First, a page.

1. What form does it take today?
The definition of the UN on human trafficking is detailed, but it mainly falls into 3 groups. Humans are trafficked for use as labor, sexual exploitation with harvesting of organs being another smaller group. It involves recruiting, kidnapping, transfer and sale of such persons. Exploitation must include sexual exploitation forced labor or removal of organs.
2. How extensive is it?
According to US state department Laura Lederer, human trafficking is the third largest criminal activity worldwide. It is only exceeded by illegal drug and arms trafficking. It has become a criminal industry worth $32 billion a year.
3. Who are the traffickers.
The traffickers are criminals; however, because of the nature of the industry most do not fit the stereotypes. At the top are the criminal bosses. However, down the line it might be a person who gives a young girl accommodation, or drives her to a destination. What they have in common is they make money from doing these things, which are essential to get the victim to the point of sale. Then come the direct criminals, who knowingly buy and exploit the victims.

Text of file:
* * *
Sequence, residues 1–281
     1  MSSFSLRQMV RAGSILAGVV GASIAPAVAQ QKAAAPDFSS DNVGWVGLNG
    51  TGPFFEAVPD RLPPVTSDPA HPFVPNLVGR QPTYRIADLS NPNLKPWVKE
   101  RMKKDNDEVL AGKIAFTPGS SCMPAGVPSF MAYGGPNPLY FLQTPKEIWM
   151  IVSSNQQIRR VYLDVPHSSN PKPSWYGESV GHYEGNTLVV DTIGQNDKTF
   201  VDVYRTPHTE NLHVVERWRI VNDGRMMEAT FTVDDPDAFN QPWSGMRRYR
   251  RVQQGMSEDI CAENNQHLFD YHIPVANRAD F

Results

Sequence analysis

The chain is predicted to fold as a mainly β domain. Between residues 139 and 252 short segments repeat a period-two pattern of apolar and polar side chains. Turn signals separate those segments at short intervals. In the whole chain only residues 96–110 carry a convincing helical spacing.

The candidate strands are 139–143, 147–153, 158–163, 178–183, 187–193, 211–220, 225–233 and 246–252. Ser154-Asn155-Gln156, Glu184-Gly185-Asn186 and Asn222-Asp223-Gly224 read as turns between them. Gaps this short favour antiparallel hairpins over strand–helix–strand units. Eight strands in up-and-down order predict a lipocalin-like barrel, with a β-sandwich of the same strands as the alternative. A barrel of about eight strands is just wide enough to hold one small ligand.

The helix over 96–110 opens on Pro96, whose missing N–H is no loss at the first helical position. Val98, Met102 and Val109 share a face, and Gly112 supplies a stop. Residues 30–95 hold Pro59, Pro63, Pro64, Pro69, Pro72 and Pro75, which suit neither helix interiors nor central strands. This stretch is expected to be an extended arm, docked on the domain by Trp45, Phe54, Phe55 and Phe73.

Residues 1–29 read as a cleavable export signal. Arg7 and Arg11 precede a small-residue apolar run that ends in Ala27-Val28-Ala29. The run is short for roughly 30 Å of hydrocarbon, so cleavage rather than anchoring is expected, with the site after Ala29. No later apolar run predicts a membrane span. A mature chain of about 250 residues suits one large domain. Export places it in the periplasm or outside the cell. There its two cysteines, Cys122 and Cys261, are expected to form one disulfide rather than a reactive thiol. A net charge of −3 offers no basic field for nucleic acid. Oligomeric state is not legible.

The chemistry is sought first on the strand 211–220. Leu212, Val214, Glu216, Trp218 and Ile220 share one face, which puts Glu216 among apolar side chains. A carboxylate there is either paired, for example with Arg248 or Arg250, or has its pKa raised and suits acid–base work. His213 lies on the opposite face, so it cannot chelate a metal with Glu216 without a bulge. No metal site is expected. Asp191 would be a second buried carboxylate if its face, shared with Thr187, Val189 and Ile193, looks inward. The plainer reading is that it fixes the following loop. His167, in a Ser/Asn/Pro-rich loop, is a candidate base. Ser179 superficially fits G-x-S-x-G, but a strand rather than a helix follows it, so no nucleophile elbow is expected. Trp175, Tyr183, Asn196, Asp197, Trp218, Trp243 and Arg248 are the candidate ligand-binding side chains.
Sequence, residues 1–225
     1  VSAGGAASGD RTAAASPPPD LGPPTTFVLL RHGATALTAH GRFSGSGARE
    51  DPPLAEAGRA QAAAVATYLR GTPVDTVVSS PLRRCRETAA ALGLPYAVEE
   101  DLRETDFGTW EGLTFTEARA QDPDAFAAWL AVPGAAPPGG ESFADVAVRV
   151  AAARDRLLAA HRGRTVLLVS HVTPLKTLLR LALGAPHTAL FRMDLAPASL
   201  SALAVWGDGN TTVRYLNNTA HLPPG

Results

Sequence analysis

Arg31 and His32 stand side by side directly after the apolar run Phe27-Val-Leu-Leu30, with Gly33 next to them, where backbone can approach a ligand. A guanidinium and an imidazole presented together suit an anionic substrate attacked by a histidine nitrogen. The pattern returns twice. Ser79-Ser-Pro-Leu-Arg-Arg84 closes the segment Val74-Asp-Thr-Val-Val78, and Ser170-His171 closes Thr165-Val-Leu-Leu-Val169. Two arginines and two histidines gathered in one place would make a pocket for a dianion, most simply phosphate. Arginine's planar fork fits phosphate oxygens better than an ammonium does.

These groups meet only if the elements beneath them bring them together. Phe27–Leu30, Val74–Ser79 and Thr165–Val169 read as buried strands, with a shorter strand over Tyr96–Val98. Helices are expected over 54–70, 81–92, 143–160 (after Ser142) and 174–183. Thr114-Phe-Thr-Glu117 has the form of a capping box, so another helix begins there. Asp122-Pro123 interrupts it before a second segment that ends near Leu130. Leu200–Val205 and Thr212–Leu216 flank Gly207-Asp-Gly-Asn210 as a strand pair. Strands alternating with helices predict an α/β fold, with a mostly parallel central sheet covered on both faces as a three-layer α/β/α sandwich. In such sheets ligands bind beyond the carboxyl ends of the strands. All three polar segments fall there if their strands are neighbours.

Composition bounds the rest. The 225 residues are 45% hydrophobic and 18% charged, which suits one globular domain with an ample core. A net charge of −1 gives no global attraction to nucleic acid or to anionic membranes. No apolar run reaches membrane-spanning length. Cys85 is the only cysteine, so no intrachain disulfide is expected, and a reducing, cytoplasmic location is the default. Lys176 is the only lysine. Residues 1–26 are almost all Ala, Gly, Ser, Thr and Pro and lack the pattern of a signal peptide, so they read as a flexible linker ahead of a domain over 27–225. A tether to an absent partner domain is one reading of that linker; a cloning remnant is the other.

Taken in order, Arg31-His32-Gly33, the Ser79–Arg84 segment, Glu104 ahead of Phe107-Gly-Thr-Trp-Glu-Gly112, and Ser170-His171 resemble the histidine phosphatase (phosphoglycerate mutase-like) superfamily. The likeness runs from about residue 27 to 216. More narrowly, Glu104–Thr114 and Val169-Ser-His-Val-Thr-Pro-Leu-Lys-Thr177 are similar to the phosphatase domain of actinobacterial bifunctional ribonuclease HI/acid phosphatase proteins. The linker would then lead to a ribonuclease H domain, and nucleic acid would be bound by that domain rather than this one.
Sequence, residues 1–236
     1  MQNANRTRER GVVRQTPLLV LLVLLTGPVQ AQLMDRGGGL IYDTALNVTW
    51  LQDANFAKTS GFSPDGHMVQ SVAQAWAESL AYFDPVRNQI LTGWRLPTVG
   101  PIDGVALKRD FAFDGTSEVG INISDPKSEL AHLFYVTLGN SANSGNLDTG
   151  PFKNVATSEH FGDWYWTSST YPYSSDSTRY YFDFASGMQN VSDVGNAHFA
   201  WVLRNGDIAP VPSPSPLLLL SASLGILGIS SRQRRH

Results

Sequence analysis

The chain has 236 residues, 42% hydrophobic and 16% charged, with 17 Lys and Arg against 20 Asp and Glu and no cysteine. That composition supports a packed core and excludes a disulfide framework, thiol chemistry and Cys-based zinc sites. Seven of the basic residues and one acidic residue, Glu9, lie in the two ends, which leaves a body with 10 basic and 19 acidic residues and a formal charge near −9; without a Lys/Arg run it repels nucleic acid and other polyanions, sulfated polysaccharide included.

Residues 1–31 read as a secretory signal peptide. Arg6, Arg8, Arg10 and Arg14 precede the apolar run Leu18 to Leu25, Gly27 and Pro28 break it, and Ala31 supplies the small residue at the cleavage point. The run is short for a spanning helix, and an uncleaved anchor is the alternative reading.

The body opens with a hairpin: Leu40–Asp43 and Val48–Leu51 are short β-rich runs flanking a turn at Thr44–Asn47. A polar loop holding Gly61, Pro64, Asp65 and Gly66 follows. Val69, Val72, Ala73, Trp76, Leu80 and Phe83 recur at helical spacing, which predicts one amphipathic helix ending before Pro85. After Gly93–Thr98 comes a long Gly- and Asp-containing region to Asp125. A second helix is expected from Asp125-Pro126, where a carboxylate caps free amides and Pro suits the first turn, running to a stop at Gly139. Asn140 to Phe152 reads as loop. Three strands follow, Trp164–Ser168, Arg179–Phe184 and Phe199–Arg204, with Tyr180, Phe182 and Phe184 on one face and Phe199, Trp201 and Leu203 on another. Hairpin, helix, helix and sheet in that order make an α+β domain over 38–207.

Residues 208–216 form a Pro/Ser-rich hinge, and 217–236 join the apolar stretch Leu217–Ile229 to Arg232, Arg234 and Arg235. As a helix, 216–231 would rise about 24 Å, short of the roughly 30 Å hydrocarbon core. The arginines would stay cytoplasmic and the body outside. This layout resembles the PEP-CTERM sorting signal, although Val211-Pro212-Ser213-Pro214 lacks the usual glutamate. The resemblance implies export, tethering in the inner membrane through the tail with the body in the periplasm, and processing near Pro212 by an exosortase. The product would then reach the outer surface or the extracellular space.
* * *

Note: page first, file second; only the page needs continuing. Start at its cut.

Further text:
4. Who are the victims
The victims can be anyone. Much of it starts with fraud, or in civil war situations. For example, a girl in Thailand is recruited as an au pair in South Africa. On arrival her passport is removed, she is locked in a house and forced to work in a brothel, either by threat or violence.
Young women in civil war areas like the Baltic region of Europe are kidnapped and forced into sex work. These sex workers are put in brothels, on the streets, in rich men or women’s mansions, and kept as sex slaves. Their owners exploit them sexually, and keep any money earned from prostitution.